Even a neuroscientist can see that murder and mayhem are undesirable. But a neuroscientist can also see why that trait might still be in the gene pool. The gene for sickle cell anemia survived because it provided protection against another disease, malaria. Similarly, aggression is often an advantage. Until recently in historical terms, a readiness to fight and the ability to kill was a way to consolidate control over resources for survival.
Fortunately, diplomats have also evolved. Some of our ancestors who understood that aggression carried risks as well as advantages used their creative human brains to devise better solutions for resolving conflicts. Our predecessors also originated symbolic diversions for aggression, like sports and chess.
So Happy (and Sad) Together
The authors believe this complicated picture makes sense. The brain regions on their list process conflict, pain, social isolation, memory, reward, attention, body sensations, decision making and emotional displays, all of which can contribute to feeling sad. Sadness triggers also vary—for example, the memory of a personal loss; a friend stressing over a work conflict; seeing a desolate film.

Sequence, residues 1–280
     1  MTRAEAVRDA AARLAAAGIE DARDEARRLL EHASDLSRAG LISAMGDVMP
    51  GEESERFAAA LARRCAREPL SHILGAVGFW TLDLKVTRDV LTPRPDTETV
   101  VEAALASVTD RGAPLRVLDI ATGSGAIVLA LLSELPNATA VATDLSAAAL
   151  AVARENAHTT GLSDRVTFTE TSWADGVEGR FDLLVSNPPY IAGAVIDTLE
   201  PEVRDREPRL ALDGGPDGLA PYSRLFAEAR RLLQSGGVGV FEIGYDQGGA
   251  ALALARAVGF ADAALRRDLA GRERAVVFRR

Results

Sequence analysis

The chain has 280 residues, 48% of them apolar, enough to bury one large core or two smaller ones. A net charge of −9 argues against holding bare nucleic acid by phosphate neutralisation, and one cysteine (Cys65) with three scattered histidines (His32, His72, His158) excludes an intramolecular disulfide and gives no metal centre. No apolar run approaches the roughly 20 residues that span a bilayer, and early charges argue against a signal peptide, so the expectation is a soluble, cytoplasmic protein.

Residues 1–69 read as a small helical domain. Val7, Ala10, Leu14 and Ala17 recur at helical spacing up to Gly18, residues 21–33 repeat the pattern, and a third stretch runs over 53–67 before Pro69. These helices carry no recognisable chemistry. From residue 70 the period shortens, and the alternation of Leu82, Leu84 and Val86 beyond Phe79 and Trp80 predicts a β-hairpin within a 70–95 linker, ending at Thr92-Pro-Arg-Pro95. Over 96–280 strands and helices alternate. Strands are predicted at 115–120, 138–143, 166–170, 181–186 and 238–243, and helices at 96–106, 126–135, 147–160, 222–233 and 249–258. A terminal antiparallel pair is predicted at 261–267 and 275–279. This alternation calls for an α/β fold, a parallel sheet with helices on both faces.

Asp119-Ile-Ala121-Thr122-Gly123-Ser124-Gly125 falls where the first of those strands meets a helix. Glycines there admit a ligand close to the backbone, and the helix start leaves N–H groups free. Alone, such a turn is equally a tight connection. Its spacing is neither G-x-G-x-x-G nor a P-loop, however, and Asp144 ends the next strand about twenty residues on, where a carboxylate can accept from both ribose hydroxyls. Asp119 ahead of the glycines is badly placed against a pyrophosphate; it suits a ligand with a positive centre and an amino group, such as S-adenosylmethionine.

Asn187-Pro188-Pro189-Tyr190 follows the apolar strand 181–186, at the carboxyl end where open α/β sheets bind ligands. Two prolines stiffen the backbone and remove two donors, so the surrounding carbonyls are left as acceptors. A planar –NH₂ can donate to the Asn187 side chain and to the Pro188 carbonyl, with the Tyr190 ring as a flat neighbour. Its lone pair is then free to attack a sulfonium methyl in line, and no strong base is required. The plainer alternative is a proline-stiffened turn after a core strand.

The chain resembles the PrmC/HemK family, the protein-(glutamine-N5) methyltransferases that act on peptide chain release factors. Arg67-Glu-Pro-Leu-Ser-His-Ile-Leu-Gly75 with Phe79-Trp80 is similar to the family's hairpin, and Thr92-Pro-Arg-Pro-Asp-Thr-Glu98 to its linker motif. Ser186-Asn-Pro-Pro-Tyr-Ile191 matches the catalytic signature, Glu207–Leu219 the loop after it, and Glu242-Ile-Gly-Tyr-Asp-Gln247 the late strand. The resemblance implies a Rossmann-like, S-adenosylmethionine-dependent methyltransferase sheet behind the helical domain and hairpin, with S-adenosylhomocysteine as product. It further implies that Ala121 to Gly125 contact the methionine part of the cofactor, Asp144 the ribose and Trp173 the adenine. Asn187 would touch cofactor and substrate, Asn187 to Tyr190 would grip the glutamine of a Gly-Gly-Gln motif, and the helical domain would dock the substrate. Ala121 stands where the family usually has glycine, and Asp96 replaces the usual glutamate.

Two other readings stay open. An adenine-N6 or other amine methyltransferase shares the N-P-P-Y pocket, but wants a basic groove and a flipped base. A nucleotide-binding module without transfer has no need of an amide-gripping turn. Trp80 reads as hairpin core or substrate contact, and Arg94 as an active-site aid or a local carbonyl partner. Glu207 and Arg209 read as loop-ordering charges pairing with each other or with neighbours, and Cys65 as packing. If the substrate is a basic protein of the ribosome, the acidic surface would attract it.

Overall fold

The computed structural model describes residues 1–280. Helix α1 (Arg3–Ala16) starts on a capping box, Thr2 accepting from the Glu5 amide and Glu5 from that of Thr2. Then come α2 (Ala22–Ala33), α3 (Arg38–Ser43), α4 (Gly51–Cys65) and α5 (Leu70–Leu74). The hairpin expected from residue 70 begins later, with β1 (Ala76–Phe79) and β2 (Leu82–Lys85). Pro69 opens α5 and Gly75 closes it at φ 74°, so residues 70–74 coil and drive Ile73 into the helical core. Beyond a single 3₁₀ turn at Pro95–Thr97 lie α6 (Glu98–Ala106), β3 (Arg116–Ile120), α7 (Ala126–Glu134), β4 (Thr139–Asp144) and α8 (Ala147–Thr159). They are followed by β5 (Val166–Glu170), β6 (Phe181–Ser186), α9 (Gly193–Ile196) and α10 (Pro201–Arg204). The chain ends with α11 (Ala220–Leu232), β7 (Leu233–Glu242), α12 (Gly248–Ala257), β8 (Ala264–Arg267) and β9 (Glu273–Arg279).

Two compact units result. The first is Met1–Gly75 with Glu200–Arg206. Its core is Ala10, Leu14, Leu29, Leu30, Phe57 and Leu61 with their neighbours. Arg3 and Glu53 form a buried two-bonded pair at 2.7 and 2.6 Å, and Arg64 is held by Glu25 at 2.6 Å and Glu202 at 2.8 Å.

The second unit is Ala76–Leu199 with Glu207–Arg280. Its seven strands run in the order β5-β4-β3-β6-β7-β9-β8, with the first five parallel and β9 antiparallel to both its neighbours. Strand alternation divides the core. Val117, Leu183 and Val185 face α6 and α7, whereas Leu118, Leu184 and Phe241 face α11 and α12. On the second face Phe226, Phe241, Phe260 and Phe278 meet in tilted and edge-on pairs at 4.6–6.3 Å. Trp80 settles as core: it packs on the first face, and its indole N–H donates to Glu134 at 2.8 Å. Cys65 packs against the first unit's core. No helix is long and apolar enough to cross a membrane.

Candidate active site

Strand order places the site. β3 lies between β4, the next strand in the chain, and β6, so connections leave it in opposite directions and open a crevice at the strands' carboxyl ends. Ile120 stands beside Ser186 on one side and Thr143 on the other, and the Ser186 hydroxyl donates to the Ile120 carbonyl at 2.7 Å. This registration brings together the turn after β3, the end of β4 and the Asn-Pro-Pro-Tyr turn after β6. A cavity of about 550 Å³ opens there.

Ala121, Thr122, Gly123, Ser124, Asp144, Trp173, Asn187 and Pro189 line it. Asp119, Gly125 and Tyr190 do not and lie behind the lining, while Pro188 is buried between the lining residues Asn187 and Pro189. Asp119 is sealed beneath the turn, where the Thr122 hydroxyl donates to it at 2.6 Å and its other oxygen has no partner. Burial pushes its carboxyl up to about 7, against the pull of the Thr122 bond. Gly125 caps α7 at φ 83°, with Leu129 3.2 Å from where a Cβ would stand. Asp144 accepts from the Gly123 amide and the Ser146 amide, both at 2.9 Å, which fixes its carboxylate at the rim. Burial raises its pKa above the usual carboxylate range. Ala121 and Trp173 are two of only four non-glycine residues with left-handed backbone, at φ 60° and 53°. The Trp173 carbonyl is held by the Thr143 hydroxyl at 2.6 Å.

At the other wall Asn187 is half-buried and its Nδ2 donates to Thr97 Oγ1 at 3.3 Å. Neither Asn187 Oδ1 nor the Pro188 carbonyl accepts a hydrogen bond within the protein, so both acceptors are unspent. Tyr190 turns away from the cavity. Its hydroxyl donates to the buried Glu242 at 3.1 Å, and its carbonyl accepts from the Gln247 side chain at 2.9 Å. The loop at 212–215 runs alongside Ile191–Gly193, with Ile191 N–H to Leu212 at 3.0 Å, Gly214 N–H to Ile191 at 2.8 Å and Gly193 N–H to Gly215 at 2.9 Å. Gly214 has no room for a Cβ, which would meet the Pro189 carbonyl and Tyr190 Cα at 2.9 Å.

In the brain, happiness is as widely distributed as sadness. In his book "This Is Your Brain on Music," Dr. Daniel Levitin (page 58) notes that music simultaneously enlists many parts of the brain. We listen and respond to sounds and rhythms (auditory, sensory and motor cortex, cerebellum). We interpret (sensory cortex) and reason (prefrontal cortex). Music pulls on memories for experience and emotion (amygdala and hippocampus). If the music is working for you, it is probably triggering the reward system (nucleus accumbens). And if you're playing it, as Dr. Levitin does, you also get to throw satisfaction into the mix. This may or may not be a description of happiness, but it certainly coincides with the notion of flow, described by the author Dr. Mihály Csíkszentmihályi: concentrated attention and the absence of self-consciousness. A neuroscientist might say that a life that fully engages your brain in these ways is a life worth living.